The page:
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The European Commission presented a legislative proposal for a Nature Restoration Law on 22 June 2022. The proposal sets comprehensive targets and obligations to reverse the trend of biodiversity loss and ensure long-term conservation of nature in Europe. In doing so, the regulation establishes a framework for immediate effective and area-based restoration actions that together will cover at least 20% of the Union’s terrestrial and marine areas by 2030 and all ecosystems in need of restoration by 2050. This includes areas used for agriculture, fisheries, and forestry, as well as marine, aquatic, and urban habitats.
The agriculture, forestry and fisheries sectors are not only the addressees of the regulation to achieve the objectives pursued, but are also key players in implementing the necessary restoration measures. However, this poses considerable challenges for the agricultural and forestry sectors in view of the numerous requirements on climate protection and climate change, environmental protection and resource conservation, but also on a secure food production.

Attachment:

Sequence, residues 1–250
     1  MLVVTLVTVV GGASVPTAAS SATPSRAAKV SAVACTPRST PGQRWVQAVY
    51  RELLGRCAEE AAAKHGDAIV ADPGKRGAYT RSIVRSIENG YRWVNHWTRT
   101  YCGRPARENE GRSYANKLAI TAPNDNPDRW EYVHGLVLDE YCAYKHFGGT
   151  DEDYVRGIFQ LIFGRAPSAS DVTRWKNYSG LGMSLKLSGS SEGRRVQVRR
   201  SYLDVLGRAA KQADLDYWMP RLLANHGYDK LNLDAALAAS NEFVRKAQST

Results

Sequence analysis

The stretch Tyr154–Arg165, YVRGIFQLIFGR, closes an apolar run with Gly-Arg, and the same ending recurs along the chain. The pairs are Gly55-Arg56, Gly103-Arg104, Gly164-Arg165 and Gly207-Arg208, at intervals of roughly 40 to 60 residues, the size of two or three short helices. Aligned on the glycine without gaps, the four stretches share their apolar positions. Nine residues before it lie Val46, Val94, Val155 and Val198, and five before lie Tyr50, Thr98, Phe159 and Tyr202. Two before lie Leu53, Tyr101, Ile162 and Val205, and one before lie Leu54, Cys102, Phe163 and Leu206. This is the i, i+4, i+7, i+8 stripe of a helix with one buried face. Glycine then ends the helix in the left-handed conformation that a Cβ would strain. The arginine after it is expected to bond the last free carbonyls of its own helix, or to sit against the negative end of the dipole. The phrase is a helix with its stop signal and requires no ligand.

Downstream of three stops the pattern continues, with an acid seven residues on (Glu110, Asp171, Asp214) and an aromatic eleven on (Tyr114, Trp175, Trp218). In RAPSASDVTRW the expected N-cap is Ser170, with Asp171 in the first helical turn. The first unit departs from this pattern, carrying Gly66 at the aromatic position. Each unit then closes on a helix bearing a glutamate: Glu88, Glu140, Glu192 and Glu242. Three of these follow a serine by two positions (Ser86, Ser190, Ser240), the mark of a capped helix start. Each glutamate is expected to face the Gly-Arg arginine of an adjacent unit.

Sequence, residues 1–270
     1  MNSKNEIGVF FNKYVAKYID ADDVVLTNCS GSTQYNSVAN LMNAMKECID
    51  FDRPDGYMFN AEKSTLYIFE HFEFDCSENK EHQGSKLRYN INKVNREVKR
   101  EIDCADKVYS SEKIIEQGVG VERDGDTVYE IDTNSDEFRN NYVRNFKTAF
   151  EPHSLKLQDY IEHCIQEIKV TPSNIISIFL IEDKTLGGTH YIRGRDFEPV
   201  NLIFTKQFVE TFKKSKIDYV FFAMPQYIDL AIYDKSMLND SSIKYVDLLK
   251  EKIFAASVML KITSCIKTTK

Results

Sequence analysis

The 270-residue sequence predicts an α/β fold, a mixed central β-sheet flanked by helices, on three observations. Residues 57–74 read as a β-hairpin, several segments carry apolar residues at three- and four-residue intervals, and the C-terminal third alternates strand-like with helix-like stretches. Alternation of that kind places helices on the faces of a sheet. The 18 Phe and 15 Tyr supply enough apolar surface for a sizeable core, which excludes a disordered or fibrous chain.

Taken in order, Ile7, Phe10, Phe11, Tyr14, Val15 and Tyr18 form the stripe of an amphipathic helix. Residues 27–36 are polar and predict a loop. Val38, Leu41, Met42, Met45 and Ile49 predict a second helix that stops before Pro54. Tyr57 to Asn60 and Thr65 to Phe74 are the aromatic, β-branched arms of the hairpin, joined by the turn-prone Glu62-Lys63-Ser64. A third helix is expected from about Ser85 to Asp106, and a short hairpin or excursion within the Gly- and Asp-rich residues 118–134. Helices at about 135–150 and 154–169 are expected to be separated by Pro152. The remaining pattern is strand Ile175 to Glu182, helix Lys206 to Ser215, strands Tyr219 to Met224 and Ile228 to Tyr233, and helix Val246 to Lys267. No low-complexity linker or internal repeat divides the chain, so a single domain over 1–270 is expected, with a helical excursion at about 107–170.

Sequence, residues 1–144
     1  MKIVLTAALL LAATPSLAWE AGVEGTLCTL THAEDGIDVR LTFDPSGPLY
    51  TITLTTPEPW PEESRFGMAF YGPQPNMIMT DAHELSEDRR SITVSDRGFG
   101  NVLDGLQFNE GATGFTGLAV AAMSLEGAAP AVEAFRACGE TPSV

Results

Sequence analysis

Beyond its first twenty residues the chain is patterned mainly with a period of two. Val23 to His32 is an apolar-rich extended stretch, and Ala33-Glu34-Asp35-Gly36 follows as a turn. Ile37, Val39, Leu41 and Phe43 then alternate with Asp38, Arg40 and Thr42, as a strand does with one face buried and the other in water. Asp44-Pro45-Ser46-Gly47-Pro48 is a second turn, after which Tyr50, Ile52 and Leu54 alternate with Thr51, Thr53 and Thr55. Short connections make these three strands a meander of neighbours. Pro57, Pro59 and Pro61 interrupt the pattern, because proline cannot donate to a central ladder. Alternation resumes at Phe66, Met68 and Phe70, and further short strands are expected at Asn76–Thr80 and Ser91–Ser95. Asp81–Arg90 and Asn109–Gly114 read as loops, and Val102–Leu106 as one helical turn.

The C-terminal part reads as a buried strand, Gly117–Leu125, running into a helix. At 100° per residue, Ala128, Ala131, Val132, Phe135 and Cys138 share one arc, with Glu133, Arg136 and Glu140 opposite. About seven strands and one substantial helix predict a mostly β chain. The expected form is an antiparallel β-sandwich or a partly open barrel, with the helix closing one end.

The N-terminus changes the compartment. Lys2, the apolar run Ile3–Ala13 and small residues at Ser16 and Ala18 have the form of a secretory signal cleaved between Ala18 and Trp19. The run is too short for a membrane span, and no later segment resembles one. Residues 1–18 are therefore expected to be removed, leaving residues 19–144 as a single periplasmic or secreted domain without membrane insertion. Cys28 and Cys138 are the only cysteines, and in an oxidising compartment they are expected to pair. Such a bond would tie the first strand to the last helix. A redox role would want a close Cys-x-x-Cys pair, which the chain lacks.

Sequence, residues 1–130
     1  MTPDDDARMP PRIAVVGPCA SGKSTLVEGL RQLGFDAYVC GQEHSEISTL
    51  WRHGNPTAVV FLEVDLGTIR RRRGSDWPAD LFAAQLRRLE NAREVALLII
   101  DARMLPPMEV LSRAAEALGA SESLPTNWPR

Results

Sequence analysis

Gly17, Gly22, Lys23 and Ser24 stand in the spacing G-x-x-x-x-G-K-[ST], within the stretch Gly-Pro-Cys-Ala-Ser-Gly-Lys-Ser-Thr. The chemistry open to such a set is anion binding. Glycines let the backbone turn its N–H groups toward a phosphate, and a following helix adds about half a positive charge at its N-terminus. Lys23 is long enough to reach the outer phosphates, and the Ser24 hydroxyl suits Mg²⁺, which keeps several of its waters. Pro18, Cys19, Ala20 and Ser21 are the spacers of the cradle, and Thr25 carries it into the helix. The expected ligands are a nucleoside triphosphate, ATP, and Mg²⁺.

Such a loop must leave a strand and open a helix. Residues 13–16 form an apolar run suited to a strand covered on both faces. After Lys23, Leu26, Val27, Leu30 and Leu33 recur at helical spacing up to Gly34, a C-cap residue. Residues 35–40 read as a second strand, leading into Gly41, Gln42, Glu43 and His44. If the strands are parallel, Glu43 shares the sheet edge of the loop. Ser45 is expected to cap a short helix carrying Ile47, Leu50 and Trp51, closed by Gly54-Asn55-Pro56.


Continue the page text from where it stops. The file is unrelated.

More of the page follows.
In this area of tension, many questions arise: What are the target outcomes for ecosystems, habitats and species? How can these outcomes be achieved? What legal implications will this place on agriculture, forestry, and fisheries? Will there be restrictions on management authority? How can agriculture, forestry and fisheries actively contribute to the implementation of these objectives? What restoration measures are envisaged and how will the measures be financed?
With the presented proposal of the European Commission, reliable and practicable answers to these questions are needed. The implementation of substantial nature conservation goals can only be achieved in trusting cooperation with agriculture, forestry and fisheries.
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